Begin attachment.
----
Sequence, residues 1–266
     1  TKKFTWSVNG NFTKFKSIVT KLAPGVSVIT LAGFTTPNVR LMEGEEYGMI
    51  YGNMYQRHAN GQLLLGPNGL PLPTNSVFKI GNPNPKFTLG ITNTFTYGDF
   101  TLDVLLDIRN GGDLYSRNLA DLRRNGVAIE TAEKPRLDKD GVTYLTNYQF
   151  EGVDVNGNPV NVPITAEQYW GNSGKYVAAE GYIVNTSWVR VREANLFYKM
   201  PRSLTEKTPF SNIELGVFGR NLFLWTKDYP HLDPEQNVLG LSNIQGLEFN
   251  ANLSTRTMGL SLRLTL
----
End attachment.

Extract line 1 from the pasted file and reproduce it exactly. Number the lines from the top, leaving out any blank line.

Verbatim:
Sequence, residues 1–266